Giorgio and Gian Pietro Damini

Giorgio and Gian Pietro Damini

The only Michelin-starred butchers in Italy take the country’s best meat and use it to create simple, traditional dishes in their artisan shop and restaurant just outside Vicenza. Gian Pietro takes care of sourcing and preparing the meat, while Giorgio heads up the kitchen.

There’s no denying that butchery is an important, artisanal craft, but in the world of restaurants it rarely takes centre stage. For brothers Giorgio and Gian Pietro Damini however, it’s at the heart of everything they do. Their small deli and restaurant in Arzignano, a little village near Vicenza in Veneto, only has ten tables, but the duo’s dedication to using and preparing the best quality meat they can find has attracted international acclaim.

The Damini name has been associated with serious, respectable butchery for just under a hundred years. In the 1920s, Giorgio and Gian Pietro’s grandfather opened a shop in San Giovanni Ilarione, a small village northeast of Verona. Every week, the restaurant owners and butchers in the area would visit the farmers to witness the birth of new animals, and keep an eye out for any stock they liked the look of. ‘There was no official classification of breeds back then,’ explains Gian Pietro, ‘so people had to rely on their own knowledge and skill to choose the best meat.’ Sixty years later, the brothers began accompanying their father to these farms, to learn how to choose the best meat for the family business.

While Gian Pietro followed in his family’s footsteps and became a butcher, younger brother Giorgio was more interested in what happened to the meat after it was prepared. He wanted to learn how to enhance its natural flavour, and began playing around with curing methods and cooking techniques. He trained in some of Italy’s top kitchens, working with top chefs such as Fabio Tacchella at Le Saucier, Giancarlo Perbellini in Verona and Nadia Santini, the first female Italian chef to win three Michelin stars. He returned to the family in 2007 and, with his brother, opened Damini and Affini in Arzignano. His simple approach to cooking traditional dishes using seasonal ingredients led to a Michelin star in 2014.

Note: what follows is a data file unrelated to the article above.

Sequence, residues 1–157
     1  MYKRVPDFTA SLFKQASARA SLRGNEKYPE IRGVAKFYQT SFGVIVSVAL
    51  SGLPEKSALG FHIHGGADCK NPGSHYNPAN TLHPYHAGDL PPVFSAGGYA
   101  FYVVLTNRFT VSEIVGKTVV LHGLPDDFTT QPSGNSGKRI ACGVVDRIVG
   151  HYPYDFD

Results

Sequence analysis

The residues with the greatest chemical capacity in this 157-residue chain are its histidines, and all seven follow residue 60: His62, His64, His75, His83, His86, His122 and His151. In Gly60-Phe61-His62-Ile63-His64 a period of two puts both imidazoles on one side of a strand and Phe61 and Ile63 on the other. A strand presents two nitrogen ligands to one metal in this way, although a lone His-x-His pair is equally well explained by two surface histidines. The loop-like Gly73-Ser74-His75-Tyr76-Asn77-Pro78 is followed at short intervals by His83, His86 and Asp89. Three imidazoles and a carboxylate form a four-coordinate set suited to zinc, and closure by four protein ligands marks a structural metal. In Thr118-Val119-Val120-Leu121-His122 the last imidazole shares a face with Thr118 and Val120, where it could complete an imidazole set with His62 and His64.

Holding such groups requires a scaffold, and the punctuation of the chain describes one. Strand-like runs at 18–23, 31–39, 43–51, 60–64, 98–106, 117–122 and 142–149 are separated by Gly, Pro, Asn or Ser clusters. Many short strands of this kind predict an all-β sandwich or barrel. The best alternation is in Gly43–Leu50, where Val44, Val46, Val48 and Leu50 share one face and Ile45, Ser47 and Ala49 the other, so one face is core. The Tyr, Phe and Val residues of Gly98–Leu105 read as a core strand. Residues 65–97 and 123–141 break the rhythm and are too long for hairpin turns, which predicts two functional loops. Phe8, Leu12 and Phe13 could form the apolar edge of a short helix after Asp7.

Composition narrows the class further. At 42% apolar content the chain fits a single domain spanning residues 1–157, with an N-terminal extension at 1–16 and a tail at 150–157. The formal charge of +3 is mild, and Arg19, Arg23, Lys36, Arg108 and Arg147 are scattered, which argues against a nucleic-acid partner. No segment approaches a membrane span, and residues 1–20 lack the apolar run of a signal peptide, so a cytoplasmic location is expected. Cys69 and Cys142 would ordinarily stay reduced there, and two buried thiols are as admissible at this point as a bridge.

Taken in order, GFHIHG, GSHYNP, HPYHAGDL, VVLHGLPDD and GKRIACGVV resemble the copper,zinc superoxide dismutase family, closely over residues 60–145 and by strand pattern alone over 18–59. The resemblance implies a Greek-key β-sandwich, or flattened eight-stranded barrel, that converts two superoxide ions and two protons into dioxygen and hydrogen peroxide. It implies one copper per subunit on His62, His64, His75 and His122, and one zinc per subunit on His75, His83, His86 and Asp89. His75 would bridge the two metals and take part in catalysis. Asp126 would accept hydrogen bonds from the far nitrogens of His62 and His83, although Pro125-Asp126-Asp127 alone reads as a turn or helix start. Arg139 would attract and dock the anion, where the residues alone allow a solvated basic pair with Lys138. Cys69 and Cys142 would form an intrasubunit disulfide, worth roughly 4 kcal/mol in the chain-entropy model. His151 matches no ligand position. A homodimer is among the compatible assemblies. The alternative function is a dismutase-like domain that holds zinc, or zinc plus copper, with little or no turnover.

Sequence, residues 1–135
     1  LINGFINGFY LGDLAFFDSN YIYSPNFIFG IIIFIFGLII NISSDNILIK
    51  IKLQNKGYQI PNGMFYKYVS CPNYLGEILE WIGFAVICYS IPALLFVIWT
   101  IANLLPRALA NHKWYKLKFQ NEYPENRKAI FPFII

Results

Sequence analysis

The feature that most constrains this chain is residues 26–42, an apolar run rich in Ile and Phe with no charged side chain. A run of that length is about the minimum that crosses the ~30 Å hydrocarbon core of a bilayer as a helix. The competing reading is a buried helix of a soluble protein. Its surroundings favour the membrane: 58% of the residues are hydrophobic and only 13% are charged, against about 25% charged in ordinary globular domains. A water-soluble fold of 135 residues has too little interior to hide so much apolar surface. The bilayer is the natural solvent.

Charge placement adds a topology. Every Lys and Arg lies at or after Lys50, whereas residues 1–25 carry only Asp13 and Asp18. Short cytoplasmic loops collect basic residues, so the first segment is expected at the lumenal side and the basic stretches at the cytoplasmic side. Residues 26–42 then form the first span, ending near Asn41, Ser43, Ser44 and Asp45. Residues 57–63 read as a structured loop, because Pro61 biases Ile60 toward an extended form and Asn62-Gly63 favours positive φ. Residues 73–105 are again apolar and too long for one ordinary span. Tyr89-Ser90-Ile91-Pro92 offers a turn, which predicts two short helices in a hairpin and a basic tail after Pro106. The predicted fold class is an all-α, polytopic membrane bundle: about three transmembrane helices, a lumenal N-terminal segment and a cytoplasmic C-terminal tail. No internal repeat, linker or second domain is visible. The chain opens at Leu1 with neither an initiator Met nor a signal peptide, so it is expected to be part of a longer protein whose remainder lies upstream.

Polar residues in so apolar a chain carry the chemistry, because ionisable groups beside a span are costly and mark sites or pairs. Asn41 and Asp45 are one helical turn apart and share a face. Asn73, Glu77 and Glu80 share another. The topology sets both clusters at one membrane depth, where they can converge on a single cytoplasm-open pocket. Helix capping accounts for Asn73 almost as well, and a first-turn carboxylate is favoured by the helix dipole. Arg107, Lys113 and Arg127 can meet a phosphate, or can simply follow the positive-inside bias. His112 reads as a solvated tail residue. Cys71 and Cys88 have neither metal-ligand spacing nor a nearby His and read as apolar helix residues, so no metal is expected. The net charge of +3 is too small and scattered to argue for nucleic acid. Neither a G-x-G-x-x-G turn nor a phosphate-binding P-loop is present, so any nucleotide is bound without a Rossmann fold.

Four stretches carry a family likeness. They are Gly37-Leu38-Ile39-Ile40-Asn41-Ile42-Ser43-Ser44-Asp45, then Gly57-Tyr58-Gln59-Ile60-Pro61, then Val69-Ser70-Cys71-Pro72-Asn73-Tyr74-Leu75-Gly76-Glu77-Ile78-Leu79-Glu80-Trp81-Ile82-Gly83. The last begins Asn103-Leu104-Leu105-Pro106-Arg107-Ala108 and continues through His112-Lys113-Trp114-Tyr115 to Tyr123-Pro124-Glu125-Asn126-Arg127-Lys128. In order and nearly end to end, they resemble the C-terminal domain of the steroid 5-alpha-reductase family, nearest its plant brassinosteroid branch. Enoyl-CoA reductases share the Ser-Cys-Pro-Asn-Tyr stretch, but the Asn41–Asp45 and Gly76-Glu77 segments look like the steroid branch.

Giorgio travelled throughout Europe to pursue his dream of becoming a successful chef, but for Gian Pietro, everything he needed to become a master butcher was right on his doorstep. His father’s and grandfather’s teachings meant he knew how to choose the best meat and he had been helping out in the family shop since the age of eight. After the brothers’ father died in 1989, Gian Pietro ran the shop with his mother, then worked in a supermarket to gain a better understanding of running a successful business and how meat is butchered on a large scale. It wasn’t until he met his partner Fortunata Bertozzo that he realised he wanted to run his own business. Gian Pietro didn’t want to simply open a shop where people came to buy meat; he had visions of a deli and restaurant which would cover every aspect of artisan food. When Giorgio returned, the pair joined forces and his dream became a reality.

The pair now serve some of the best meat dishes in Italy, many of which were passed down through their family. Wild garlic and ricotta ravioli with lamb soup and Raw beef with tomatoes and mozzarella are both recipes their grandfather gave to them, while their Iberian pork ribs with breadcrumbs and asparagus is a typical, simple dish which allows the flavours of the ingredients to shine through. ‘We learnt everything from our father and grandfather,’ says Giorgio. ‘Now we can select the best meat and turn it into all sorts of fantastic produce.’

Family is at the heart of everything the brothers do, but they do lock horns from time to time. ‘It can be frustrating when Giorgio always wants the meat to be exactly the same, every time,’ explains Gian Pietro. ‘But we always work it out in the end! Behind the scenes of any great restaurant, a good butcher is one of the real stars. Family is incredibly important. I’m so lucky to be able to work with my brother and our partners.’